Moreover, not all of these elephants were killed by poachers. Many were killed by farmers and villagers, for whom elephants are dangerous pests. The World Wildlife Fund estimates elephants killed for their tusks at approximately 20,000 per year. The figures for 2013 have not yet been released, but probably are of the same magnitude as before. In fact, John Scanlon, CITES Secretary-General, recently stated that he saw “encouraging signs” that poaching may be stabilizing.

“The United States is the second-largest market for ivory in the world.” This statement, although true, is misleading. According to a study of domestic ivory trade by two wildlife specialists entitled The USA’s Ivory Markets—How Much a Threat to Elephants?: “The USA has the second-largest ivory market in the world, after China-Hong Kong. The illegal proportion of it, however, is much smaller than any country in Asia and most countries in Africa. The USA ivory market poses a minimal threat to elephants.” FWS spokeswoman Sandra Cleva said: “The vast majority of U.S. seizures involve small non-commercial quantities, a fact that refutes the claim that large-scale illegal ivory trade exists in the United States.” According to the monitoring network TRAFFIC, Thailand is actually the second-largest market for illegal ivory in the world.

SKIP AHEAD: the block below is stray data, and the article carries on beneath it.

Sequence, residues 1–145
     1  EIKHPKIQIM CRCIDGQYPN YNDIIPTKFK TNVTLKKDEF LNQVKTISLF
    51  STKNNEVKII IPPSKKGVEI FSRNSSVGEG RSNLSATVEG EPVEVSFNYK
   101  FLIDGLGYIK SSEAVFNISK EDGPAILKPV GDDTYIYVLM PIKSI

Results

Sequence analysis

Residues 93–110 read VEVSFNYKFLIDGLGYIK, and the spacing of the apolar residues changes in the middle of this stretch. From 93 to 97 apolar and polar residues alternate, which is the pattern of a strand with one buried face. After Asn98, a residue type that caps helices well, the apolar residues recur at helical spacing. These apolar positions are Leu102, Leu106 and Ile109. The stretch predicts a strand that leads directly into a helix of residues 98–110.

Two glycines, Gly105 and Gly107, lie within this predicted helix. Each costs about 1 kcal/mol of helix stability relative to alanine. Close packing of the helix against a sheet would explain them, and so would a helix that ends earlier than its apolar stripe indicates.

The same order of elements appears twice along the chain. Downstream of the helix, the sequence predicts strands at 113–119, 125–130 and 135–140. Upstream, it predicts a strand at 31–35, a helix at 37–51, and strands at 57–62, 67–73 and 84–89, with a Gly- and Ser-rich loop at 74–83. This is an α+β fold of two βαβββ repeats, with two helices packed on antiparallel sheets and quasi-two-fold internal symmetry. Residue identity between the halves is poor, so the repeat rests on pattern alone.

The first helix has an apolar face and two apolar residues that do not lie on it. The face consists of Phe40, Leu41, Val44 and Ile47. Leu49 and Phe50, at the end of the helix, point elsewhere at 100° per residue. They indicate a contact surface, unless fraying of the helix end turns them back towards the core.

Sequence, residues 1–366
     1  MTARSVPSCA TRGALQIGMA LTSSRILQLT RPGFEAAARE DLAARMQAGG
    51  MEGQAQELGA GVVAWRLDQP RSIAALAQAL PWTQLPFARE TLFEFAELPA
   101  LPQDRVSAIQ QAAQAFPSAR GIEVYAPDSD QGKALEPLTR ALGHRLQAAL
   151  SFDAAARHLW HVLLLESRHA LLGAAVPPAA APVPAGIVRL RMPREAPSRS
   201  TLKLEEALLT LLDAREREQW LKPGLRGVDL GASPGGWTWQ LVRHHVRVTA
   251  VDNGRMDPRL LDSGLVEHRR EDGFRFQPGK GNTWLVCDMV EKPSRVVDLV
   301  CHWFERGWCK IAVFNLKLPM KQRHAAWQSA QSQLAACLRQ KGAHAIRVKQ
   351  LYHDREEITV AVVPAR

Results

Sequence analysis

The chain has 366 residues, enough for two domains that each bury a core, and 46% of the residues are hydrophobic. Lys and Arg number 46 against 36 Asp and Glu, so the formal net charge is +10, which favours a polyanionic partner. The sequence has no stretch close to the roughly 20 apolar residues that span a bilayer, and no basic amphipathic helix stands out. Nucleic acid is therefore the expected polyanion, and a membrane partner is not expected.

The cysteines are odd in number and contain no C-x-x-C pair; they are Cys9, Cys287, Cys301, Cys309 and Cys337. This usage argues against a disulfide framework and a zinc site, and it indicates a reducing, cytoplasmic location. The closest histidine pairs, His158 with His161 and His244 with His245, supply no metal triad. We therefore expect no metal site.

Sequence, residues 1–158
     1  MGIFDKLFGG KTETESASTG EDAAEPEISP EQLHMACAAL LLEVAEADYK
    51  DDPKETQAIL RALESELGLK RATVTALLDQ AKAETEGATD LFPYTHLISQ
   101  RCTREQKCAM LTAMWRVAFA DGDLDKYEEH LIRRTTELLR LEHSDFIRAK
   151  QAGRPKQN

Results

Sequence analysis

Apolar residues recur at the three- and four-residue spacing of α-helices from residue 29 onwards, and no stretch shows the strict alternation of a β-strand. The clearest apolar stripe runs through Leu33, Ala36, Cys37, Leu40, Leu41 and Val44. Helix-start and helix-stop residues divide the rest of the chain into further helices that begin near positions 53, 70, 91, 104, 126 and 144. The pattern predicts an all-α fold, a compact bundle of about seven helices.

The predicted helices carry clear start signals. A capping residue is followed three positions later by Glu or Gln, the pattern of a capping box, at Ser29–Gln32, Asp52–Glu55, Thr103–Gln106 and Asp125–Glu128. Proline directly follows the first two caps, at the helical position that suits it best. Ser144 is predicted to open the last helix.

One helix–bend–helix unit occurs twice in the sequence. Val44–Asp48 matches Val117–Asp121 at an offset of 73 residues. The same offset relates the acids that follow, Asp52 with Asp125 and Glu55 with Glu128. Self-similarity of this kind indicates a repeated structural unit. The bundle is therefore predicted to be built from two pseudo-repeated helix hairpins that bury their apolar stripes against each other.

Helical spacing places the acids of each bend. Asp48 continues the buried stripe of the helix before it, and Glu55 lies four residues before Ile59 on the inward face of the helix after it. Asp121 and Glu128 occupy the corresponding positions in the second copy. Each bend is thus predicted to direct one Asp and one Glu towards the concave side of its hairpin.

The fact that supposedly responsible government officials knowingly mislead the public demonstrates how the ivory debate has become politicized, with an emphasis on symbolism rather than solutions. Fighting poaching and stemming the flow of “blood ivory” is difficult. It is far easier to feign empathy by punishing the innocent owners of ivory objects, even if decades or centuries old.

The Ivory crush is merely foolish, inflating illegal ivory prices and denying revenues to the developing states that contain most elephants. Worse is the plan to render legally valueless virtually every piece of ivory in America, even though accumulated over many years in compliance with the law.

The administration already has barred the import of ivory, even if centuries old with peerless provenance, punishing American collectors and dealers. Craftsmen repairing or working with old and legal raw ivory could lose their livelihoods. Owners of vintage musical instruments and guns are prohibited from leaving and returning to the U.S. with them.

Any item containing a tiny fleck of ivory in it could trigger federal legal action. The administration said it will not target “knick-knacks,” but people with hundreds, thousands, or millions of dollars worth of ivories will find no legal buyers, since the administration plans to require documentation that does not exist. And the easiest way for FWS employees to boost their enforcement statistics would be to target confused collectors and dealers rather than accomplished criminals who operate in the shadows.